7. Derogatis LR, Spencer PM. (1982). Brief Symptom Inventory: Administration, Scoring and Procedures Manual I. Clinical Psychometric Research, Baltimore.Google Scholar
  8. Fellinger J, Holzinger D, Schoberberger R, Lenz G. (2005a). Nervenarzt 76/1: 43–51.CrossRefGoogle Scholar
  9. Franke HG. (2000). BSI-Brief Symptom Inventory von Derogatis LR (Kurzform der SCL-90-R)-Deutsche Version. Manual, Beltz Test GmbH, Göttingen.Google Scholar
  10. Gelter I. (1987). Der Sprachheilpädagoge. 3: 37–42.Google Scholar
  11. Gerich J, Lehner R, Fellinger J, Holzinger D. (2003). ZUMA-Nachrichten 52, Jg. 27: 35–54.Google Scholar
  12. Goldberg DP, Williams PA. (1988). User’s Guide to the GHQ. NFER Nelson, Windsor.Google Scholar
  13. Graaf R. (2002). Psychosom Med 64(1): 61–70.PubMedGoogle Scholar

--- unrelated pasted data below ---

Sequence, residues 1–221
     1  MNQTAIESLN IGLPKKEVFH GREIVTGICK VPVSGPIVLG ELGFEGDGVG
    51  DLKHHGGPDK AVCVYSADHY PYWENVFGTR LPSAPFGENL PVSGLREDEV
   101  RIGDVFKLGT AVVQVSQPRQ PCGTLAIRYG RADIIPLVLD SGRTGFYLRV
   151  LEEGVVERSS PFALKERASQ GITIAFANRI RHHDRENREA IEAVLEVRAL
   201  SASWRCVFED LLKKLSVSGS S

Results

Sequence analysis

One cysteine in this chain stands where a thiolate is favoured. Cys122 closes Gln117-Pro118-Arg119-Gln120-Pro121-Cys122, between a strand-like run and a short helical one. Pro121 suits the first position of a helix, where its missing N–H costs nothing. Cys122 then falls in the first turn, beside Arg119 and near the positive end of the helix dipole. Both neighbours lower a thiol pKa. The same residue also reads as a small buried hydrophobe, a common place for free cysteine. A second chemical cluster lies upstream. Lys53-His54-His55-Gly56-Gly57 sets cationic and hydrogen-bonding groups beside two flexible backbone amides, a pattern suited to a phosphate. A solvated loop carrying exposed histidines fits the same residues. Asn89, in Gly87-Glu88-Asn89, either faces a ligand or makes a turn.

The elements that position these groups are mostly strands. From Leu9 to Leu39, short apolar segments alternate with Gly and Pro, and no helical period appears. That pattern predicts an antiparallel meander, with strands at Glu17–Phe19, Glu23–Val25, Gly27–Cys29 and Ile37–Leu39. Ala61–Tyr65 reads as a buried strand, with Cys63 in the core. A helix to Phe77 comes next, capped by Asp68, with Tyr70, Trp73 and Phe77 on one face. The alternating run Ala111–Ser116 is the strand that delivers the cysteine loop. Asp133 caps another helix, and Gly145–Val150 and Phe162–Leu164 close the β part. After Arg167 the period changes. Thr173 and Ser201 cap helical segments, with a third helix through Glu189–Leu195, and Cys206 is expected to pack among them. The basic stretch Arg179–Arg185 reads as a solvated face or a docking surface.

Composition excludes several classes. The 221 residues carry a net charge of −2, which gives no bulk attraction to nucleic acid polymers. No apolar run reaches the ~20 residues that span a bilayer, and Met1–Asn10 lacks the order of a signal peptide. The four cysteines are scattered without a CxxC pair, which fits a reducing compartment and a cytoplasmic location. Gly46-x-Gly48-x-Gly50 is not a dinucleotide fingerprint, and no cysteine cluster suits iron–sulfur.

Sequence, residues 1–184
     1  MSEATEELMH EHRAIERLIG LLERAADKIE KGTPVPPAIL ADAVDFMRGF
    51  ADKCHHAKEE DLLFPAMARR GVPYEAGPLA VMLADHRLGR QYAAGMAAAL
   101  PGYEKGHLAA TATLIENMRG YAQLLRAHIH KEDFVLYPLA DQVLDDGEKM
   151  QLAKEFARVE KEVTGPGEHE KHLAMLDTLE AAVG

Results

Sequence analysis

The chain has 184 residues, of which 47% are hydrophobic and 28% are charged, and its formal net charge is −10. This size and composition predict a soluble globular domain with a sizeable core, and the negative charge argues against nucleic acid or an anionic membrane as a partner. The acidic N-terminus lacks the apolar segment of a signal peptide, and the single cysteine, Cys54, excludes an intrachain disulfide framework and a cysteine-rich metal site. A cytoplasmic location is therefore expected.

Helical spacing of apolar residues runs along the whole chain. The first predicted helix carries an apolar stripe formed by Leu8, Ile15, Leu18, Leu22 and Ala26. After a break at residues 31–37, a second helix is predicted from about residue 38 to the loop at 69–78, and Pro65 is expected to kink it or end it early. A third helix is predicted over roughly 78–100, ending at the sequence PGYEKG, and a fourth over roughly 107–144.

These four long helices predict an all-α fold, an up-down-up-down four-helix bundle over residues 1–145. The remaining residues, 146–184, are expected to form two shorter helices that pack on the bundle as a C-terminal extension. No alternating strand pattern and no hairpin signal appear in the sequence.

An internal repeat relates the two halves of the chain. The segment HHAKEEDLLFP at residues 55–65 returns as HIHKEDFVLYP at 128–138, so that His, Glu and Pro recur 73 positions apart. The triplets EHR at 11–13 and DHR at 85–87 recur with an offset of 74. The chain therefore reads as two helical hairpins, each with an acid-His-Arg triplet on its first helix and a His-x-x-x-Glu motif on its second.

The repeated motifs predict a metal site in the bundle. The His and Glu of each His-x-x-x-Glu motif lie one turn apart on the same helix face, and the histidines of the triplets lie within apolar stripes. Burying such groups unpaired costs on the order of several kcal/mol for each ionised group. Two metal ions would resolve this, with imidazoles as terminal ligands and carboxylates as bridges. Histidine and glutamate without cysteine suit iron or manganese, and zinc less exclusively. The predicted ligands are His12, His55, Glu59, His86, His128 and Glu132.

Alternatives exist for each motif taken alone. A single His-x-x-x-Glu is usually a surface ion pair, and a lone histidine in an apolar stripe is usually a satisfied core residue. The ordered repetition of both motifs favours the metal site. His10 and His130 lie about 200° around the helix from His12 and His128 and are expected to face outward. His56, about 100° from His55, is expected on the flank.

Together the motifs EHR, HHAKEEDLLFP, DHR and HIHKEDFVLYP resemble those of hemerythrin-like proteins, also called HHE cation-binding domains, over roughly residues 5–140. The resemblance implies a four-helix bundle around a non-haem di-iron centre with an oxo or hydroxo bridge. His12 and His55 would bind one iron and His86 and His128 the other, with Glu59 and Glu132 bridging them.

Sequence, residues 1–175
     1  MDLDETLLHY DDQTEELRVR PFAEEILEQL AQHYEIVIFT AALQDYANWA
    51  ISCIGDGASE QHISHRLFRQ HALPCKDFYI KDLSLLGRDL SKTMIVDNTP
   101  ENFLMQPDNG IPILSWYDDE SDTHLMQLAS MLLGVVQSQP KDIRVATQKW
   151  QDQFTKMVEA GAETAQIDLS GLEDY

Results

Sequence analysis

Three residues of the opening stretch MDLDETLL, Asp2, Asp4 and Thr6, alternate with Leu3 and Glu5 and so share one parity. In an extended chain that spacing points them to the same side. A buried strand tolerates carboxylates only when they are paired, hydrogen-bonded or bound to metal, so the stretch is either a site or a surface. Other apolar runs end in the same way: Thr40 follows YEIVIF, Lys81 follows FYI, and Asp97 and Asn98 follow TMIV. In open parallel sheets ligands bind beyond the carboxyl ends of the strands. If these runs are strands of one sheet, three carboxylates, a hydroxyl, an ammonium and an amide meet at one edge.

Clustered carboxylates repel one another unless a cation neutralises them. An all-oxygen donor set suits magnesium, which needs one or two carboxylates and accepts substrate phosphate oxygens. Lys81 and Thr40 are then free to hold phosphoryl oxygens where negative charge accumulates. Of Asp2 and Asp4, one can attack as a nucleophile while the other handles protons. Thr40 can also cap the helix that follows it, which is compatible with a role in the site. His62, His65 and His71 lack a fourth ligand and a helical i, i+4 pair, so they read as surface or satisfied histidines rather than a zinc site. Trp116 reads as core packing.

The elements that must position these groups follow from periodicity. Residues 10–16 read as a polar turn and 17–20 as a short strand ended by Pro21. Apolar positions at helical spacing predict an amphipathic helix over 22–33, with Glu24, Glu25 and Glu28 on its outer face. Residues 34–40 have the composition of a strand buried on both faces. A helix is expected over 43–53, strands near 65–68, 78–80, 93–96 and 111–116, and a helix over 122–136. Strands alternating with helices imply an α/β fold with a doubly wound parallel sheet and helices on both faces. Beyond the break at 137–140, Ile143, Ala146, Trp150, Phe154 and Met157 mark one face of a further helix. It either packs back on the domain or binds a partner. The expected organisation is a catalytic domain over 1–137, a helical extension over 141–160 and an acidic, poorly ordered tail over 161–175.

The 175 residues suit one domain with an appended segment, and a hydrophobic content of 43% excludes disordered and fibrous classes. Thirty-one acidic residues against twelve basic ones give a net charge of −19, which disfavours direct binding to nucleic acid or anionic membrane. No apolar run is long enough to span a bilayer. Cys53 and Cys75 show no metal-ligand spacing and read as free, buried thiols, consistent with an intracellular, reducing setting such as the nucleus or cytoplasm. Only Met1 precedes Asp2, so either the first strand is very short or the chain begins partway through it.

14. Holt JA. (1994). Stanford achievement test, 8th ed: reading comprehension subgroup results. Am Ann Deaf 138: 172–175.Google Scholar
  15. Howlin P, Rutter M. (1987). The consequences of language delay for other aspects of development. In: Yule M, Rutter M (eds.) Language Development and Disorders. Blackwell, Oxford, pp. 271–294.Google Scholar
  16. Hu Y, Stewart-Brown S, Twigg L, Weich S. (2007). Psychol Med. 37(7): 1005–1013.PubMedCrossRefGoogle Scholar
  17. Katschnig H, Ladinser E, Scherer M, Sonneck G, Wancata J. (2001). Österreichischer Psychiatriebericht, 2001: Teil 1, Daten zur psychiatrischen und psychosozialen Versorgung der österreichischen Bevölkerung. Bundesministerium für soziale Sicherheit und Generationen, Wien.Google Scholar
  18. Kyle J. (1990). The deaf community: custom, culture and tradition. In: Prillwith S, Vollhaber T (eds.) Sign language research and application. Signum, Hamburg, pp. 201–213.Google Scholar
  19. Linden M, Maier W, Achberger M, Herr R, Helmchen H, Benkert O. (1996). Nervenarzt 67: 205–215.PubMedGoogle Scholar
  20. Lipton DS, Goldstein MF, Fahnbulleh FW, Gertz EN. (1996). Am Ann Deaf 141(5): 370–378.PubMedGoogle Scholar
  21. Mullen PE, Martin JL, et al. (1993). Br J Psychiatry 163: 721–732.PubMedCrossRefGoogle Scholar